Saturday, March 08, 2014

Endangered Species Project Revised

It's that time of year when we're preparing for our grade-level signature project, The Endangered Species report.

It's time to revise this unit yet again to better reflect new standards, student needs, and the current education landscape. A report of facts and information is less interesting or motivating today because we all know that the information is found with a click of a computer key.  Instead, we want to deepen the project with student-driven essential questions.

Other changes we're going to focus on include:
  • quality over quantity
  • collaboration
  • presentation skills
  • reading fluency
  • collaborative Google presentations
  • embedding new standards
This is a rough sketch of the project to come, a project framework that will develop with student/teacher discussion and design:
  • First, students are watching The Amazing Panda Adventure. They watch the film for about 15-20 minutes once or twice a week. This movie serves as a nice bridge from our current standardized test-centered work to a focus on endangered animals.
  • Next we'll discuss nature preserves, and research the kinds of nature preserves that exist on earth. In the fall, we spent several days at a local nature preserve, and we'll connect that work to this study. 
  • Teachers will guide research and collaborative skill, and also provide background information related to vocabulary, research sites, and more.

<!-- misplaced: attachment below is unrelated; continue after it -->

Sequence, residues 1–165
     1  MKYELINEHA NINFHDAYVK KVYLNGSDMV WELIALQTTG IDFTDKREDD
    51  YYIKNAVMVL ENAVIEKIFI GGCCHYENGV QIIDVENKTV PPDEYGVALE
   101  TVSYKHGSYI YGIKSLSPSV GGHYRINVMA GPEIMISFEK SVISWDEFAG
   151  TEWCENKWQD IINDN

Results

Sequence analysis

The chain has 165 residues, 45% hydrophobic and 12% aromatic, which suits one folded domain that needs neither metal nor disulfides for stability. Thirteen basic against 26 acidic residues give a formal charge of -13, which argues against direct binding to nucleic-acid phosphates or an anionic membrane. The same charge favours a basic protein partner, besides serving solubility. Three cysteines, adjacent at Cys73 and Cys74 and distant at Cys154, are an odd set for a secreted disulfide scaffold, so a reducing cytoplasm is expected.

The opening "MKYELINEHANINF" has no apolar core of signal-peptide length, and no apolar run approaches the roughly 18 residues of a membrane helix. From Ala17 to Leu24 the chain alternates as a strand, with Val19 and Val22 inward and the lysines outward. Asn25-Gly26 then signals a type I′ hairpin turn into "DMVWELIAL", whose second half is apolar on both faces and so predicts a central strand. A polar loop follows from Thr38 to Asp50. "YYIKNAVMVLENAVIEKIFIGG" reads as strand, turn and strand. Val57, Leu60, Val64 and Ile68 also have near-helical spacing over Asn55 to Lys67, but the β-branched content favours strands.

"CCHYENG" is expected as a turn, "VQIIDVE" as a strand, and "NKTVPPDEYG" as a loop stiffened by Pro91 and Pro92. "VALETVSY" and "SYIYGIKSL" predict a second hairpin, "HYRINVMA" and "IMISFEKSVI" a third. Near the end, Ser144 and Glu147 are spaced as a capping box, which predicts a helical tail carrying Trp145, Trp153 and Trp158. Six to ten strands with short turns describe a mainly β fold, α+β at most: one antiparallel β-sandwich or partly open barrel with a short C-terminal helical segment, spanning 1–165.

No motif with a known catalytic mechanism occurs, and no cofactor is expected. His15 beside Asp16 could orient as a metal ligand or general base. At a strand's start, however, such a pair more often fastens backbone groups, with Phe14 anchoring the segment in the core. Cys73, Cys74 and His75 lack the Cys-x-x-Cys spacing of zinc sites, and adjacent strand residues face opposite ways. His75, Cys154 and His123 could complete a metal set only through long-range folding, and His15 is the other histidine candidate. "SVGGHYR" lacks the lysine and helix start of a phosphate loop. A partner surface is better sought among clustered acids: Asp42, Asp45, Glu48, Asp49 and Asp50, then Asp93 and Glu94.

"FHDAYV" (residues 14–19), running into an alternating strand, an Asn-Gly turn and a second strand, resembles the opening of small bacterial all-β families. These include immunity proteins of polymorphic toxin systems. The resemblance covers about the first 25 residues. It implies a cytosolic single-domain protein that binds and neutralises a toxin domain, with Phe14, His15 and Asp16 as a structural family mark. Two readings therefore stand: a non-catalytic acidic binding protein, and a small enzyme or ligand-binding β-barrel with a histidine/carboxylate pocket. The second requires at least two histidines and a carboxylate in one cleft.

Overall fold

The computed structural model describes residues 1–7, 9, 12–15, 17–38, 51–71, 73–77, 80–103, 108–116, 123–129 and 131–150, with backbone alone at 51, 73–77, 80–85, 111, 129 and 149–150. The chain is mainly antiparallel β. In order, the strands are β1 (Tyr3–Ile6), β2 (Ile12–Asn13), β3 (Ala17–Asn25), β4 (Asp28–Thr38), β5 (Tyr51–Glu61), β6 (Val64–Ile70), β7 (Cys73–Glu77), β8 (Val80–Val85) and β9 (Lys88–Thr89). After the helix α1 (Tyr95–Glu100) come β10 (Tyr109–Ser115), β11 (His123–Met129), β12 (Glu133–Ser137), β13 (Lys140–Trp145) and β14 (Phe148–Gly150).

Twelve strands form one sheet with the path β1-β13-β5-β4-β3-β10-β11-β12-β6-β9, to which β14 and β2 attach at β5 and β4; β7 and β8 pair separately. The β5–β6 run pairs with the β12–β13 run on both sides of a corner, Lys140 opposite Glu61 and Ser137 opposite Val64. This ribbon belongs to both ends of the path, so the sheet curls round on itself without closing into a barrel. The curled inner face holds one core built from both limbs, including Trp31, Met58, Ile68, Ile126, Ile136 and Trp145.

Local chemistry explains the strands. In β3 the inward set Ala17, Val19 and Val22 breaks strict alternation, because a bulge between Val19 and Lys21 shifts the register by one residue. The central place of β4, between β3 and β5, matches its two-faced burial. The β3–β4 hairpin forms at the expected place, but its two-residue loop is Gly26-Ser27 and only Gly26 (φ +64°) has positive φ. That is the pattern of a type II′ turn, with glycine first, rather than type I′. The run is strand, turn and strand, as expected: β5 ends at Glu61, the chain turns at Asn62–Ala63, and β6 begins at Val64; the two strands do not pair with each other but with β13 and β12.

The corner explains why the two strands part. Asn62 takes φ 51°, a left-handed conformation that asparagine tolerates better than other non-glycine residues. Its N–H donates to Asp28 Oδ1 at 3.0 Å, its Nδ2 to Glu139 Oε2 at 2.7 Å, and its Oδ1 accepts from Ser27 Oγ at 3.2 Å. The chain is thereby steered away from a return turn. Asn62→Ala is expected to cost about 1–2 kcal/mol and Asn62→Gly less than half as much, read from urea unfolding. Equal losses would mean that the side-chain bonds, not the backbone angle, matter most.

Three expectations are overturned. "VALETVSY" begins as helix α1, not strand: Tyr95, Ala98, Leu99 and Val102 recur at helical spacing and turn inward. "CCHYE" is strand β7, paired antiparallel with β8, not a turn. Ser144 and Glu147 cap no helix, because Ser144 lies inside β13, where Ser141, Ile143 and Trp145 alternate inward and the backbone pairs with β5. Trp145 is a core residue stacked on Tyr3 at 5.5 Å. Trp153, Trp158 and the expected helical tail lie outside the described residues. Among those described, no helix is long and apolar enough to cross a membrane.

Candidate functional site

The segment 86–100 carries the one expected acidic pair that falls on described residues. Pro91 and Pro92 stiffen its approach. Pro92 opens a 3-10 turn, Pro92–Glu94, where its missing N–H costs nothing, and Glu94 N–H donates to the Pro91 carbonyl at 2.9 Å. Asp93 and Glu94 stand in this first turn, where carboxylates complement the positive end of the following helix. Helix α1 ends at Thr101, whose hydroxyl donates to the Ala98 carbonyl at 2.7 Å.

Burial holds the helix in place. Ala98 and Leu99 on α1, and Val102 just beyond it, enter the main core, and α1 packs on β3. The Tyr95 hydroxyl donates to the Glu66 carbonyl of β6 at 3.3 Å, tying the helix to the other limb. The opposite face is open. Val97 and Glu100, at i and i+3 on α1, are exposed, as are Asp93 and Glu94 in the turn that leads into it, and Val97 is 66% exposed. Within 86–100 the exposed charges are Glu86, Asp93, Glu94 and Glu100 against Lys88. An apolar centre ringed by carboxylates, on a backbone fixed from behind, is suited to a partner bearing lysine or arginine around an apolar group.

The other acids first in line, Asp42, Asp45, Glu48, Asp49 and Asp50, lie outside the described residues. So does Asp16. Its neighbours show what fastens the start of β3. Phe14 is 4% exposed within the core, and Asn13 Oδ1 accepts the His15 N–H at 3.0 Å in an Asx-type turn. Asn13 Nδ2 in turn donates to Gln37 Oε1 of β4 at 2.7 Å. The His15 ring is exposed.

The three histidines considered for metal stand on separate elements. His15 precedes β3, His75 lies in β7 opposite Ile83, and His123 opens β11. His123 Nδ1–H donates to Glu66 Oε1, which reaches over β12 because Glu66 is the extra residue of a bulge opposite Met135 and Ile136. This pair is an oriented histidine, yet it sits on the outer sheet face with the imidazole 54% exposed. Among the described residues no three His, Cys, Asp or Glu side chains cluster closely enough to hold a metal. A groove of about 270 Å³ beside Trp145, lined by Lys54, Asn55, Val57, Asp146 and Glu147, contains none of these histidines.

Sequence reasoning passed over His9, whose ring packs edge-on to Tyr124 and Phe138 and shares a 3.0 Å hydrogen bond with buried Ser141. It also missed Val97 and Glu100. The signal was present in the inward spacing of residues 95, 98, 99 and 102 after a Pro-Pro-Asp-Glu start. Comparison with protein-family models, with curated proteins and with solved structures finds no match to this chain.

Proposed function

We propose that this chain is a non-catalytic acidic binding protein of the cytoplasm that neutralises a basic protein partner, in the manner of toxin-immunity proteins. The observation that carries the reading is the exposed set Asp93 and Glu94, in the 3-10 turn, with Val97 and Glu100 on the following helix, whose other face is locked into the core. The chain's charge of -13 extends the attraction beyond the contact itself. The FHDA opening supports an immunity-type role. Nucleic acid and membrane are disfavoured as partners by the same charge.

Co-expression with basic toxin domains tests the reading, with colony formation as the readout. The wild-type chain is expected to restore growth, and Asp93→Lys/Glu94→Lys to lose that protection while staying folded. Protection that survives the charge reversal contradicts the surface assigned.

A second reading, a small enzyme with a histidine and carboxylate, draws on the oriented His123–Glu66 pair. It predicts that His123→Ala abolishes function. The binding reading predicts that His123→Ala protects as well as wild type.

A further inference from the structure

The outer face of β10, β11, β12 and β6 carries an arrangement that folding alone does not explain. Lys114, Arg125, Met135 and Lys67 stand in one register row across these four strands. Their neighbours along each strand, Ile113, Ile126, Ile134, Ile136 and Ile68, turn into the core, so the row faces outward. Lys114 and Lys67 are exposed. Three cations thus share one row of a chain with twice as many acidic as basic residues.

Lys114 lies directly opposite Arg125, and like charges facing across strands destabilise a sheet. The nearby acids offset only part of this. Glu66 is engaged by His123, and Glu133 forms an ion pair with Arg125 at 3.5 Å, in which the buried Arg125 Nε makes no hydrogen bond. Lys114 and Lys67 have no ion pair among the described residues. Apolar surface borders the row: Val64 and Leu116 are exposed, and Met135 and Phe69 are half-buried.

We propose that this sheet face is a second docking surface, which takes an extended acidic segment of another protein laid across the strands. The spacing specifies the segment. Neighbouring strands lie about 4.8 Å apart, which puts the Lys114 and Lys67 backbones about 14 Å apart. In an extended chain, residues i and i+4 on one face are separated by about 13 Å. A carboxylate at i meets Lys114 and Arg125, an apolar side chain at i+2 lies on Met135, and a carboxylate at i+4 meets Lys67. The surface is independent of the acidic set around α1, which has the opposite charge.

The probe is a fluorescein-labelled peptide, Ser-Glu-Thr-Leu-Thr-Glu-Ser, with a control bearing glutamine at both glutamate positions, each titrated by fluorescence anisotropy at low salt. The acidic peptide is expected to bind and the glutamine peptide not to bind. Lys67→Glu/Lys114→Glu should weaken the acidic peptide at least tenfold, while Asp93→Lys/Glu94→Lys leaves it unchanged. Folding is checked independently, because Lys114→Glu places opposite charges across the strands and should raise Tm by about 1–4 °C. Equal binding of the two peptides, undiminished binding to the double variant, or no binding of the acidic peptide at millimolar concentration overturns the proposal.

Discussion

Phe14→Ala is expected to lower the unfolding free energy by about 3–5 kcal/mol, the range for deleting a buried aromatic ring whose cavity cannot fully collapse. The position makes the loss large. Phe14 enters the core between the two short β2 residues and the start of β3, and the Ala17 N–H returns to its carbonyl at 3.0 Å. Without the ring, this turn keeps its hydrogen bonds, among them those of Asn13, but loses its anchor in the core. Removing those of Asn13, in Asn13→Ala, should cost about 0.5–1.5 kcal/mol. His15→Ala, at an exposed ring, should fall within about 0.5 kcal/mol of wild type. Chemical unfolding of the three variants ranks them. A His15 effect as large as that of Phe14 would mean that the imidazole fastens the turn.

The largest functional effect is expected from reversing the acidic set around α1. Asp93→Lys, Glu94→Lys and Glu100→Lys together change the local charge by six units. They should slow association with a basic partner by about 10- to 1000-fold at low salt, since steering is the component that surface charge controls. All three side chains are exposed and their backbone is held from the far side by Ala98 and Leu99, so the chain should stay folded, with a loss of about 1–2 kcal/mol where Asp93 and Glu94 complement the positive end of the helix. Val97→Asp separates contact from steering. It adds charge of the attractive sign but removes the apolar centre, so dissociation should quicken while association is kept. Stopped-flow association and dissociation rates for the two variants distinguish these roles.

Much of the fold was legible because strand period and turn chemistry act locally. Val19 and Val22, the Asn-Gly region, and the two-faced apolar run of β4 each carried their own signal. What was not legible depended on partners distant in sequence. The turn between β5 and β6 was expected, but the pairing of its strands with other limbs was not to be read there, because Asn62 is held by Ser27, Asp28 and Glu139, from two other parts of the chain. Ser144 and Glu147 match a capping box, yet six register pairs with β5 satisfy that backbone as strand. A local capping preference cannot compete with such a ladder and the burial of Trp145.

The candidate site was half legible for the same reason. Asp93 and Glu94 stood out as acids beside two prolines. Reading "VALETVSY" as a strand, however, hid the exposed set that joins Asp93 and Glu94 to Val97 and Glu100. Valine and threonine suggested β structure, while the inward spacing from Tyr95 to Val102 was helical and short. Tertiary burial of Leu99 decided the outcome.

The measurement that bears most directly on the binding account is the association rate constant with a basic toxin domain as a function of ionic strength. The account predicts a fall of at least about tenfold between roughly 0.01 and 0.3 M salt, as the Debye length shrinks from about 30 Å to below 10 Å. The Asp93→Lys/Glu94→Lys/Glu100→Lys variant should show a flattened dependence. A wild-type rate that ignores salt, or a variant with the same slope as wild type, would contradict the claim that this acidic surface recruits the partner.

• After that we'll identify a number of nature preserves we want to focus on.
  • Small groups of students will "adopt" a preserve to study. I hope they'll have a chance to Skype or "Hangout" with the preserve naturalists.
  • Study will include a focus of the work people do there, the animals protected, and the geography of the location.
  • Students will include a small service learning activity as part of their research, a learning activity that will support the preserve and educate others in some way.
  • Students will create a Google presentation about the preserve and animals.
  • Students will create an entertaining and informative presentation to share the information they learned with family members and classmates (we might film the presentations).
  • Finally students will assess their work and impact.
Students' interests and needs will lead this study, but in the meantime I have the following teacher homework.
  • Create a guided research list of animal preserves around the Globe.
  • Create a list of information topics that students may want to include in their work.
  • Cull the related standards from the CCSS.
  • Think about the way I'll create collaborative research teams--teams that will serve to develop each others' learning.
  • As we watch the film, discuss the project with students. Those discussions will create enthusiasm and early ideas.
  • Reach out to my learning community including parents for links and information related to contacts and resources in this area.